This isn’t one of those “best practice” or “how to” blog posts; the ones where you suspect the author has architected but not actually built a real app for a while. Instead, it’s rather an unglamorous overview of the architecture of UbiquiList.
A few folks asked me which tech choices I made, and a few non-tech friends showed an interest in seeing what goes into an app like this, so I hope this goes some way towards covering both angles.
I suspect that you could build the same web application using 101 different technologies that I haven’t even mentioned here, and combine those technologies in 1,001 unique ways. Some of these would no-doubt be considered much “cooler” than the architecture I describe here. And yet I bet the end result would be uncannily similar from a user’s viewpoint. This is the reason I try to stay out of those almost religious debates about web technology choices. Beyond reading up or comparing notes with others on what’s new or improved, and understanding which choices impact performance, hosting costs or user experience in a tangible manner, I like to spend the majority of my time building things that people actually get to use. Some of my choices here may not match yours. As always, I learned great deal and I will do many things differently next time.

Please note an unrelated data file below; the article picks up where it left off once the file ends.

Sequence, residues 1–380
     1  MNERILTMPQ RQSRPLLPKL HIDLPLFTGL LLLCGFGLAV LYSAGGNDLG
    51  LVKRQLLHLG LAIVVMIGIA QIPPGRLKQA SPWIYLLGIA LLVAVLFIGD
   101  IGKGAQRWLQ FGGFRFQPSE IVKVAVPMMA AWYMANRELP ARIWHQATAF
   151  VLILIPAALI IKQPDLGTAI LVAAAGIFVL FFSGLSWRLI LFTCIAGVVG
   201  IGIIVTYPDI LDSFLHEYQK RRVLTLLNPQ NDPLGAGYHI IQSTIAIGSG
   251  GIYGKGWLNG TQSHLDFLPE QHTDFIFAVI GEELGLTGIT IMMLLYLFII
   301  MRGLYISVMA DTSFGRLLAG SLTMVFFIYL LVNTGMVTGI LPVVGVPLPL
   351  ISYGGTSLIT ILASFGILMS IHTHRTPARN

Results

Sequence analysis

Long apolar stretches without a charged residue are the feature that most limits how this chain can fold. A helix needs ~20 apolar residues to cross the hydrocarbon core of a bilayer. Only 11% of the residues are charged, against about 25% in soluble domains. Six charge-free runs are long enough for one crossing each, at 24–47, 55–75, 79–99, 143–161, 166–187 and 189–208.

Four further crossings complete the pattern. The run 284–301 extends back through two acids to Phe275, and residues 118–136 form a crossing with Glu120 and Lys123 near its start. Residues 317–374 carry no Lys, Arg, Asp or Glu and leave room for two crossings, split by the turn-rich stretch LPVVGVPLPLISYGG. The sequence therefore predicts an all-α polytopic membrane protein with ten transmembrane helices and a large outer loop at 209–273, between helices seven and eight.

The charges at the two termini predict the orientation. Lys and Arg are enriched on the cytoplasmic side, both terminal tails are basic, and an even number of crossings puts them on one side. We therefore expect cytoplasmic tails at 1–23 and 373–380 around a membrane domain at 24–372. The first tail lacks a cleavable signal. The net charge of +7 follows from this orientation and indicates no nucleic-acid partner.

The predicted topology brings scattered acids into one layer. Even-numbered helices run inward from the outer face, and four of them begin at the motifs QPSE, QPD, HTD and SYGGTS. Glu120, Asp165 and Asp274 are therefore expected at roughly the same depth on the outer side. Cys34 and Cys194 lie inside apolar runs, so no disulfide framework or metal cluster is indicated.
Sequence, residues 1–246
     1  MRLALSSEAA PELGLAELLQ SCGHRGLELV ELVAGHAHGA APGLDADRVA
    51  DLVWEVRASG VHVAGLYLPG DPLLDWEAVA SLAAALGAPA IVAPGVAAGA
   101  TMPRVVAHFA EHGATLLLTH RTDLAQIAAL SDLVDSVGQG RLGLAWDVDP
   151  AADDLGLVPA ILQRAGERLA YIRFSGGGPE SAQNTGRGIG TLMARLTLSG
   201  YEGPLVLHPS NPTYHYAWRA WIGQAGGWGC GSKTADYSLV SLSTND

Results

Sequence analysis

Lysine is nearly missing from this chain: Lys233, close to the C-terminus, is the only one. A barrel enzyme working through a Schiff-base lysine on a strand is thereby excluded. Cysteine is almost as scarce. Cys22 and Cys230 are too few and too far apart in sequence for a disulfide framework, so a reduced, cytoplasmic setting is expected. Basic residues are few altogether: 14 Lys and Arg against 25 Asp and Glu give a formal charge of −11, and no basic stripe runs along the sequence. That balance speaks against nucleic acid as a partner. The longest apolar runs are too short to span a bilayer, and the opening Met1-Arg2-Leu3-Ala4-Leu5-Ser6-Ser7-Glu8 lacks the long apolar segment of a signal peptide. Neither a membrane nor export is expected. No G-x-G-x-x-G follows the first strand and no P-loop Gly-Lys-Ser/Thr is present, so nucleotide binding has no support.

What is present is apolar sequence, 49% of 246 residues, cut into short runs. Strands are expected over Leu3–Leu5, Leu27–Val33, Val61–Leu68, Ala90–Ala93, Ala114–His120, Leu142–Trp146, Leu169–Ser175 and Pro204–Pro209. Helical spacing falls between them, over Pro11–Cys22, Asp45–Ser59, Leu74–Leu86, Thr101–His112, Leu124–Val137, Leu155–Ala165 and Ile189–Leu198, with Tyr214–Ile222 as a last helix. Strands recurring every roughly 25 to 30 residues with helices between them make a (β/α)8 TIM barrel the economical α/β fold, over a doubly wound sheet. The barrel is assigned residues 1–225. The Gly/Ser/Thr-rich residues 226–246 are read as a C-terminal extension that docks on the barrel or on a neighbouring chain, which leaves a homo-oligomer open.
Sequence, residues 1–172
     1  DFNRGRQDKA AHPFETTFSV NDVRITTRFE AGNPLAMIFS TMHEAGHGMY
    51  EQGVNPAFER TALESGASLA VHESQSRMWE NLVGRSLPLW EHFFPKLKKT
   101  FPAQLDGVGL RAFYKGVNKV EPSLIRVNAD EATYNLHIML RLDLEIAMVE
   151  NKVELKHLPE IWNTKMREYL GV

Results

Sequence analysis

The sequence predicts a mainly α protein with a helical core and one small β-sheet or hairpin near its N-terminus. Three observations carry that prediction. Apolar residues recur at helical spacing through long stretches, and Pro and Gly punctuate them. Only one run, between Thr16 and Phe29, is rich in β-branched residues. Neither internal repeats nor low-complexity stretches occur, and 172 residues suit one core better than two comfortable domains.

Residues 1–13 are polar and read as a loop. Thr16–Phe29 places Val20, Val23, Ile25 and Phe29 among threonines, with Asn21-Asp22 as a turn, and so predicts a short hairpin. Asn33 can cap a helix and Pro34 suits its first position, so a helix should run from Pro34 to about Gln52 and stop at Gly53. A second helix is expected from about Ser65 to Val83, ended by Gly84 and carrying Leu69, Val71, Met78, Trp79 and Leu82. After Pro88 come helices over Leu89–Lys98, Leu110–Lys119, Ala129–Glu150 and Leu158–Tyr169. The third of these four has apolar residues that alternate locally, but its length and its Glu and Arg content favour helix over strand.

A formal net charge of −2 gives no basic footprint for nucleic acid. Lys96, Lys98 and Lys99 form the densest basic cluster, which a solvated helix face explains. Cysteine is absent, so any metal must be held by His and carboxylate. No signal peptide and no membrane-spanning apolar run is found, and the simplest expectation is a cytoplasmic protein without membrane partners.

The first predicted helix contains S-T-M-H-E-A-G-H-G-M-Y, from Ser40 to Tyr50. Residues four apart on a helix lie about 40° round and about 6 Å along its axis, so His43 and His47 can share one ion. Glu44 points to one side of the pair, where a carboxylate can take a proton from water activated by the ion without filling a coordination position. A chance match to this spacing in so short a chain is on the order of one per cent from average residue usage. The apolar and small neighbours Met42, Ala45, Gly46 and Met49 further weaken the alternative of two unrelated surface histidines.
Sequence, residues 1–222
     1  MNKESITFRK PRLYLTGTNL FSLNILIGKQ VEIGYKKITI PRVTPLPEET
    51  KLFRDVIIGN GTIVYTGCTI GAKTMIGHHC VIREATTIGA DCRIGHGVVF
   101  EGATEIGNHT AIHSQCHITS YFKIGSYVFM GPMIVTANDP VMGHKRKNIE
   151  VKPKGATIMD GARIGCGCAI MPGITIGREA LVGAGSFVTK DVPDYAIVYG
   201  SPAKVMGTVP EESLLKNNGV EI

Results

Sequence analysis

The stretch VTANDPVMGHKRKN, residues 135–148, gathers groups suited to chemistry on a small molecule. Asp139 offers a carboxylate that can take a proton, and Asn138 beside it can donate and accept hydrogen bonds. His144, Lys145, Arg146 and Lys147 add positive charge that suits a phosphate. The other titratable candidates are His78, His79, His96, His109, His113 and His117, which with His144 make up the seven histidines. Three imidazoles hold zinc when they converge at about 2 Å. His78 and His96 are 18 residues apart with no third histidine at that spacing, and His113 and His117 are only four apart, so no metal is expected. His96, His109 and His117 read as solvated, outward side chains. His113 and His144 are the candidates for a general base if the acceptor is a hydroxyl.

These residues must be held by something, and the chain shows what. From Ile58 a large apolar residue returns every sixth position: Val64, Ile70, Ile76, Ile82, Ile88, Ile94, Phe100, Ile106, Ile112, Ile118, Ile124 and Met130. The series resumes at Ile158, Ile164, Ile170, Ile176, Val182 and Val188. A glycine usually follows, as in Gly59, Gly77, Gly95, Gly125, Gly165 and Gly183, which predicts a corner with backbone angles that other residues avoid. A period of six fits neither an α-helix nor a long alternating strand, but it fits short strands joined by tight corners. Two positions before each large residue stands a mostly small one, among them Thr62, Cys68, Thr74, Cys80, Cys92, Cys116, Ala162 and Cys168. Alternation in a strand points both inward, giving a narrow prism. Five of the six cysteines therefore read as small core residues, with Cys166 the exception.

I am staying, out of necessity, at quite a high level here too. I could write an entire post on each of the topics of caching, persistence, performance, load balancing, sticky sessions, AJAX, etc. But this is more of a map than a detailed account. Maybe I’ll cover some areas in detail in another post.
As applications and products go, Ubiquilist is somewhat at the MVP stage, and is therefore lean and very minimal in nature. Some of the architectural decisions I made were for expedience, and relied upon prior work that I could re-use quickly. There is also considerably more “architecture” here than most MVPs would employ, for the same reason: I had it easily to-hand. Most MVPs would skip a lot of this and revisit the need for it later.
Most things are easier to explain if you start with a picture. So here’s a picture…
Single Page rather than Click-Thru – The first thing to point out is that this is an AJAX / single-page web app, rather than what I tend to call a “click-thru” web app. This means that the app dynamically modifies the page content to reflect its internal state, rather than requiring users to click links that cause the server to return an entire new page for each action. Single page apps seem to be the way things are heading.
Kaleidoscope – To build such a single-page app, I used a framework of my own called “Kaleidoscope”. There are several great alternatives out there, such as Knockout, or AngularJS, but I wrote Kaleidoscope (“KS” from now on) for a previous project and so it was the simplest choice for me. I’ve been judged as crazy and brave, in the same breath, for building a framework. It served an educational purpose for me, and the result is something I can build apps with fairly quickly. I probably wouldn’t recommend writing your own framework though. It’s a huge distraction, and there are plenty of existing ones out there!